Monday, October 29, 2018

Before Your Clients Write that Tuition Check……

Now is the time of year that many clients are turning to you for advice about financing the jaw-dropping price of college tuition. Study after study confirms that a college education—one of the biggest legal rackets in America today--is still worth the price of admission and stress. But, several of our clients have been telling Forbes, US News and other national media outlets that wherever your child or grandchild attends, it’s important to get a well-rounded education, not just the prerequisites for a high-paying career.

Bottom line: Take courses that actually make you think, write communicate and create. That’s the only way to be adaptable in a constantly changing world.

Mark Rioboli, CFP, CFS  Director of Wealth Management at Independence Advisors  (Wayne, PA) said universities should take a page from Ben Franklin's book and focus on those things that make students “healthy, wealthy, and wise.” College curriculum should consist of nutrition and fitness training “because without health, you have nothing.” Rioboli also told me critical thinking, project management and sales skills are valuable in any career one chooses.  

Anthony Glomski, founder of Los Angeles-based AG Asset Advisory and author of the new book Liquidity and You: A Personal Guide for Tech and Business Entrepreneurs Approaching an Exit agreed. “When speaking with (and recruiting) young graduates, I’ve found their basic skills are not as far along as I’d like to see, especially reading, writing, organization, and attention to detail. Any degree that emphasizes those skills will add a lot of value in the job market. In a world in which everything is driven by artificial intelligence, the one thing we know that is irreplaceable is the human connection. Degrees that help student develop traits that strengthen human connections are going to be value in their careers,” added Glomski.

Blake Christian, CPA Partner at HCVT in Long Beach, CA said a student’s focus for the first two years should be on “a solid foundation that will help him or her regardless of major--basic finance, accounting and budgeting, for example. Who doesn’t benefit from those skills both personally and professionally?” asked Christian. He is also a strong advocate of business and technical writing, along with verbal communication. “When it comes to writing a business plan, even liberal and creative artists will have a more solid financial footing with a class or two in these subjects,” maintained Christian, author of the new book, Benefits of Becoming A CPA-Preneur.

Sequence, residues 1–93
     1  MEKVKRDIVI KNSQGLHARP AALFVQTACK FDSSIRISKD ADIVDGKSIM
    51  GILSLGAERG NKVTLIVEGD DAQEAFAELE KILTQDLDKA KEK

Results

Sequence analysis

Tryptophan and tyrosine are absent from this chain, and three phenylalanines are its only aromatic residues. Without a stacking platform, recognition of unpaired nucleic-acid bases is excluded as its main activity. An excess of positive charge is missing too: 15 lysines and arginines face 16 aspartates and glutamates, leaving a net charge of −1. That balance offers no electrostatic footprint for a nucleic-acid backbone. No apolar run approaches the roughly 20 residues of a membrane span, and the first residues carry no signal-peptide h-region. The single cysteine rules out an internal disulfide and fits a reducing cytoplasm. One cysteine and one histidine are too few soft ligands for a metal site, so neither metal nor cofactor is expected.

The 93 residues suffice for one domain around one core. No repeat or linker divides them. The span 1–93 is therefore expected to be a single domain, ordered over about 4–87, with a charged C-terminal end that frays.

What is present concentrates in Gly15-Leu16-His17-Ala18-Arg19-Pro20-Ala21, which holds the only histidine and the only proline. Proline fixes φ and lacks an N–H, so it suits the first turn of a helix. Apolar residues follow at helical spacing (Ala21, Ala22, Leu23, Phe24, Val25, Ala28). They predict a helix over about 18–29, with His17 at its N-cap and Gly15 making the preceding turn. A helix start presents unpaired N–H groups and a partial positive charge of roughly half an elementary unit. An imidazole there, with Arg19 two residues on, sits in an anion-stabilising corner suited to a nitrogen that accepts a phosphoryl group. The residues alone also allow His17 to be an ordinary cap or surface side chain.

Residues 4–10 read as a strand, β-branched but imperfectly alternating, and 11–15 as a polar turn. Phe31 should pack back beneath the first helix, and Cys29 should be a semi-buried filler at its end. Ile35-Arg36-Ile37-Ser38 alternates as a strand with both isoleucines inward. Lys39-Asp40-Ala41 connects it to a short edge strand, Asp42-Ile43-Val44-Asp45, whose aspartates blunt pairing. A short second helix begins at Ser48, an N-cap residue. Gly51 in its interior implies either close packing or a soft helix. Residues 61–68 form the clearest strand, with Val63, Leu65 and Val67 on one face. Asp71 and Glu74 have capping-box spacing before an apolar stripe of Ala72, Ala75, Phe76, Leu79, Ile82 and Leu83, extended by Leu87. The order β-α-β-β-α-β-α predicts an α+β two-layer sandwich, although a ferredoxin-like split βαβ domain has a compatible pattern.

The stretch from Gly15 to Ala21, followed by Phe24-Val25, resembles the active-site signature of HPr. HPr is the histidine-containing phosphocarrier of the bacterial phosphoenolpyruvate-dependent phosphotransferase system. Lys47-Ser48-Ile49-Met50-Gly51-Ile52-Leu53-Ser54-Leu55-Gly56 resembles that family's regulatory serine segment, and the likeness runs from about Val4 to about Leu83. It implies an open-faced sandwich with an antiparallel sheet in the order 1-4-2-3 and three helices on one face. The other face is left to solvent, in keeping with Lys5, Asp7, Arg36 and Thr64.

Glomski, an undergrad accounting major, said he benefitted greatly from the liberal arts courses he took. For instance, “philosophy went really deep, which helped me in developing personal relations. Economics and other social sciences will always be applicable and accounting was invaluable. Sure, accounting is becoming increasingly automated, but it’s priceless training learning how to understand the mechanics and backbone of any business,” Glomski related.

Before junior year, Christian strongly recommends that students do an internship in their chosen field, along with an aptitude tests and counseling to ensure that the student “really wants to go down that path and has the general skills and drive.” 

“How do you teach wisdom?” asked Rioboli. “I suggest starting with meditation and all the principles in emotional intelligence 2.0 by Travis Bradberry, Travis and Jean Greaves.”

Also consider Top 10 Life Advice Comments for Millennials by our client, Matt Topley, chief investment officer of Fortis Wealth in Valley Forge, PA.


Glomski said adaptability is the key ingredient for career success today. “It’s likely you’ll get of out college and be in a career for five to seven years, and then you’ll be in a completely different career. What prepares you for that?”

#college tuition #careeradvice #liberal arts #tuition ROI 

Anthony Glomski, AG Asset Advisory, Blake Christian, HCVT, Mark Rioboli, Independence Advisors, Matt Topley, Fortis Wealth

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